I was recently directed to a great post on Yvette Vignando’s Happy Child blog, where she argues against the notion of paying children to do chores. Her basic premise is that children should be contributing to family life in order to gain a sense of responsibility and contribution to the household, not for commercial benefit. And I agree whole-heartedly.
Research shows families work best when everyone is motivated by a common set of goals and values. When you try to commercialise aspects of family life, you undermine the sense of pride and satisfaction your children get from contributing to these goals and values.
That said, it is important to teach our children a sense of financial responsibility. But rather than introducing a ‘work for reward’ program, where we try rather poorly to emulate the workforce, a better way is to demonstrate how money is used inside the household to enable common goals.
Here are some basic tips to get you started:
make money visible – Working-class families during the Great Depression routinely set jars out in full view of the family marked ‘rent’, ‘food’, ‘clothes’ and so on, showing everyone where the money went. Today money comes from a hole in the wall or a checkout. Make it real. Use cash sometimes, tell your kids how long you worked to earn it, and explain how banks and credit cards work. It’s also a good idea to refrain from buying your child everything they want while providing an explanation.
talk to your kids about the role of money in your life – Most parents would prefer to talk to their kids about sex than money. In fact studies show that the majority of parents lie to their kids when asked how much they earn. This is one of the last taboo topics because how much we earn has important emotional and social implications. But we must learn to help our kids develop a framework for understanding the role of money in their life.
get the kids involved in houesehold budgeting – Explain to kids the expenses involved in running a household and show them the bills for electricity, mortgages, petrol and groceries. And when times are hard, explain and ask them for their suggestions on how to cut back on expenses. Not only will you teach kids about budgeting and probably lower household costs, but you’ll also bring your family together in a common goal.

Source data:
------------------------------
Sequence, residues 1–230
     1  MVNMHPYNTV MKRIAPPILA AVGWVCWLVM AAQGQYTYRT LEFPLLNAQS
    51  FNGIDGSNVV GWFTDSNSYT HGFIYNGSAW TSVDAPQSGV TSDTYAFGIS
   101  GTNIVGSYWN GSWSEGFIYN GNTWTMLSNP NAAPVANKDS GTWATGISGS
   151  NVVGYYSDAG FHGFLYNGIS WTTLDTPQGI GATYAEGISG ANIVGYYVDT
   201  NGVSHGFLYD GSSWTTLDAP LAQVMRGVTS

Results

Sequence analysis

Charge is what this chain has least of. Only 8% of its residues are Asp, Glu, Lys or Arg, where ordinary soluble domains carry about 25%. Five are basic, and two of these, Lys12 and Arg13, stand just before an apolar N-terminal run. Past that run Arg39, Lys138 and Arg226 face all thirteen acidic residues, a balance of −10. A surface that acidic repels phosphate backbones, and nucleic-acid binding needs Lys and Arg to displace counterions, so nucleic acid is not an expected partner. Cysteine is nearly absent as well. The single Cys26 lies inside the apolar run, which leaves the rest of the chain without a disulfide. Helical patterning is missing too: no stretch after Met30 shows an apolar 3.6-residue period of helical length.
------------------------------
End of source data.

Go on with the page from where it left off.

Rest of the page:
give kids responsibility for spending – One way to teach kids about money fast is to place them in charge of their discretionary spending. And if you give kids an allowance, have them track the money coming in and going out. This will help kids build healthy financial habits for life including learning how to defer gratification.
teach kids the power of investment – Opening a savings account is a good start but you also need to demonstrate the magic of compound interest. For example, if you and your high-school child save $1,000 a year over six years, and get an interest rate of 5% pa (the long-term norm), then in addition to the $6,000 they’ve saved when they finish school, they’ve earned over another $1,000 of ‘free interest’. This will teach them a valuable lesson in investing.
The ideas from this post have been taken from Arun Abey and Andrew Ford’s book How Much Is Enough: Money Time Happiness, A practical guide to making the right choices. Click here for more details or to download a chapter.
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Far from absolute decline, it is more useful to think about what is happening in America as an era of a Great Reinvention, says ipac chairman Arun Abey. Here is an extract from his notes on his recent trip to the US.
“America in the era of the Great Reinvention has a quite different mood. Landing in Los Angeles with my younger son last month, I recalled it was 25 years since my first visit. Compared to my previous visit a year ago when the mood was dire, the economy was now clearly in recovery mode.
But the mood was one of cautious pessimism, rather than the cautious optimism that I’ve found in the first phase of a recovery of the five previous US downturns. Yes the Americans feel that they have dodged the economic holocaust that the GFC could have become and they are relieved that the downturn was much shallower and shorter than expected. But there is an uneasy sense that around the corner lurks hidden dangers that will plunge the economy back into the depths of recession, or worse.